My 83 year old mom keeps two loaded hand guns in the house "for protection". How do I deal with this?

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my mom is 83 years old and keeps 2 loaded hand guns in the house "for protection". How do I deal with this? How can I get them from her? she keeps them hidden away and seems paranoid in general, but she's always been this way. Help!

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This is scary! Do you think you can get rid of the ammunition? While there are some people who can still aim and shoot at 83, a paranoid personality could be a tragedy waiting to happen. If nothing else, you may have to involve law enforcement. I don't know the laws in your state, but they maybe will have suggestions for you. Good luck,
Carol
I think she is smart. You have not mentioned any mental or physical frailties. If that is the case, then she has the right to defend herself against violent criminals.
Guns are only evil if misused, and the elderly are more vulnerable than others.
Her ability to aim is irrelevant - most gun uses are extreme close range - within 10 feet, so her aim is not going to be a factor - even the blind keep and carry guns for protection!
Again, so long as she is mentally and physically competent, it is her right, and I say, go mom!

If she has not got the mental capacity (and paranoia is not a disqualifier) then you will need to take steps to have the firearms removed. If you do so, be sure to give her another means of self defense! I recommend the wasp spray that shoots a stream up to 20 feet. This is an excellent non lethal self defense tool for any age.
My mother was extremely paranoid at the beginning. . .before meds. My brother-in-law just picked up the pistol and walked out of the house with it. She kept asking for it, but NOBODY wanted her to have the gun. By this point, she was declaired incompentent, so we had the right to take the gun. I suggest that you removed the guns from her presence. I was afraid that if she pulled out an unloaded gun, she would get shot by the police, then, we would have an altogether different problem. Take Away The Guns! ! !
I was wondering...Is there something in particular that she's afraid of? Things she's seen on the news? Is she obsessive about other things? Or is she just afraid to be alone?
When my Dad moved in with me, I sent his gun collection to my brother in law and nephews. They hunt and have locked gun safes.
I, on the other hand, have a curious ADHD son, and a parade of strange caregivers that come to the house to take care of Dad. Access to firearms is not in their job description.
Dad is very resentful, but its my house. My rules.
Your momma's guns have to go away. If she pointed a gun at anyone, she could be arrested. If she pointed a gun at a cop, the officer could shoot her.
I agree with Ms Bursack that involving local law enforcement is in order. Maybe a visit from a nice friendly neighborhood cop will help her make sensible decisions. At the very least, the police need a record that there might be a potential issue here.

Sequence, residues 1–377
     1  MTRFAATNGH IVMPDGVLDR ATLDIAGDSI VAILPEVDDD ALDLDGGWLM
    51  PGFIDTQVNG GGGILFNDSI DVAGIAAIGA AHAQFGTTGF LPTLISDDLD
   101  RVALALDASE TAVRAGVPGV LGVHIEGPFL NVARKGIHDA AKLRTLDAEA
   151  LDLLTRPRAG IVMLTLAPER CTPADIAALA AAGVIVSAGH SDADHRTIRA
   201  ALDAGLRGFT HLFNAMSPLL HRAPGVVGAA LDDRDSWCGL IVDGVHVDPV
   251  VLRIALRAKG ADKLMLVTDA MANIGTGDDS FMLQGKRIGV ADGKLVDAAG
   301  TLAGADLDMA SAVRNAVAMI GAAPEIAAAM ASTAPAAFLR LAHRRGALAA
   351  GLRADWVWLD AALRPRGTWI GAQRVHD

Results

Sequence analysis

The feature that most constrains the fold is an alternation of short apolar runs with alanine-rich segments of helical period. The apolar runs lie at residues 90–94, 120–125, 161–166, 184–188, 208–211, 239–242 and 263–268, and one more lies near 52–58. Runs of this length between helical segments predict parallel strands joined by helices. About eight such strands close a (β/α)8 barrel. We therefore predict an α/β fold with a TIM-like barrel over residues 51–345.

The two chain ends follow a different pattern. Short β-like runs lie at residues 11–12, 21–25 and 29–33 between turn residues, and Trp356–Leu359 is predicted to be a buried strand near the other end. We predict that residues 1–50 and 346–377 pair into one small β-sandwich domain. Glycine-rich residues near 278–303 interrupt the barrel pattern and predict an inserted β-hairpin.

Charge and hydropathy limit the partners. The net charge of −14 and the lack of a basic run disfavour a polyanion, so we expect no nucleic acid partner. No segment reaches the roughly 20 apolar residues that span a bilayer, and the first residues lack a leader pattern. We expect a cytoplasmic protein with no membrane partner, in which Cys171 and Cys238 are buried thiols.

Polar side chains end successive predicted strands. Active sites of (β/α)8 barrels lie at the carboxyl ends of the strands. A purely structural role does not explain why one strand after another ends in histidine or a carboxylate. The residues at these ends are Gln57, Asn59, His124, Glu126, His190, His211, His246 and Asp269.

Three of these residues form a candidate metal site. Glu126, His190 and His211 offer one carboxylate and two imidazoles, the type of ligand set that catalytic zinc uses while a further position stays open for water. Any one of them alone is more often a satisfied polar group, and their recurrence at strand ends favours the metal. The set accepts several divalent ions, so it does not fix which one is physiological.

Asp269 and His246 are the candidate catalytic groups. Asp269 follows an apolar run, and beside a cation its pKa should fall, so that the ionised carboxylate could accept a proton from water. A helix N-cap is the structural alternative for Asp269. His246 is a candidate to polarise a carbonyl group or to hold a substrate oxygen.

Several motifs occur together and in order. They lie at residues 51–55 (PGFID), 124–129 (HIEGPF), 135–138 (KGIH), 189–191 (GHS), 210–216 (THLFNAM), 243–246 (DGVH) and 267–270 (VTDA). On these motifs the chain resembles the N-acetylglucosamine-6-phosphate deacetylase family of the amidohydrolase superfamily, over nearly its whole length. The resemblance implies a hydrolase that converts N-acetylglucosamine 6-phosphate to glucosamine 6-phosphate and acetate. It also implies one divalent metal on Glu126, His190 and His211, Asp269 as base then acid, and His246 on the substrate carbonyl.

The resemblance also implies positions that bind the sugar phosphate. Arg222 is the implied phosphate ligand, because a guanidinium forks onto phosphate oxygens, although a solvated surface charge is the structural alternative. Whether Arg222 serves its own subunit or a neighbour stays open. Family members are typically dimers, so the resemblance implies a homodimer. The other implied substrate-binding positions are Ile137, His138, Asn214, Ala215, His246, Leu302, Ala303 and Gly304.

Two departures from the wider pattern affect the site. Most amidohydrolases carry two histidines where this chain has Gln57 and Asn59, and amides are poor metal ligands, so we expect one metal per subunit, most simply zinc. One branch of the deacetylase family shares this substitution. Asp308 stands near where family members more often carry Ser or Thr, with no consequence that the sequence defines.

My husband is 87 with alzheimers. We live in the country and have always had guns for protection. Sometimes he doesn't know where he is and occasionally doesn't recognize me. I am afraid that at one of those times he might shoot me thinking I'm a burglar, or shoot someone else in the house. I haven't seen an attorney but have been told that if he shoots someone, I am the one without the alzheimers, so I would be legally responsible. And morally, of course. I got rid of the serious gun and have hidden my small revolver where he can't find it. I have enough problems without gun problems and won't take a chance.

garza
get your hands on the weapons and get a friend / gunsmith to drop the firing pins out of them. most weapons disassemble readily and without tools for ease of cleaning .ms paranoid aint gonna give up her guns without a fight..
Terrim: My parents always had guns around the house and when dad passed away, we had no problem with mother having a pistol nearby. But when dementia set in and she was having paranoid anger issues about non existant problems, that was the time to change our ideas of when to remove the gun. She imagined her eldest son was trying to kill her and every person coming to the door was a threat. . .all we needed was for her to start firing off that gun. You should NEVER leave a gun with a person that has dementia issues. The guardian may end up being the responsible person in that case. I'm not anti gun, I'm for keeping our loved ones safe en every possible way.
SCAAAAARRRRRY!!!!
Everyone has the right to drive a vehicle, but there comes a time when that right needs to be forfeited for the individual's and public's safety. This is not a gun owner rights issue. You are concerned for her safety and the safety of others who visit her home. Please consider her needs before her rights. The little 5 year old that shot his 2 year old sister with his own .22 certainly had the right to own a firearm. Could he operate a gun safely? NO!! Don't wait for a tragedy like this to happen to your family. You will suffer the guilt of having done nothing to preserve everyone's safety.
@Scared. You can contact the DMV (or your Dad's doctor) and tell them you are concerned about your Dad driving. The DMV will then send him a letter requiring him to retake the written and driving test again. I made the request to my Mom's doctor. In California, if you are diagnosed with Dementia, they suspend your license. However, it can be appealed, and then someone else will be making the decision. Legally, it doesn't sound like his doctor is following the law. He should report the guns and driving issue.

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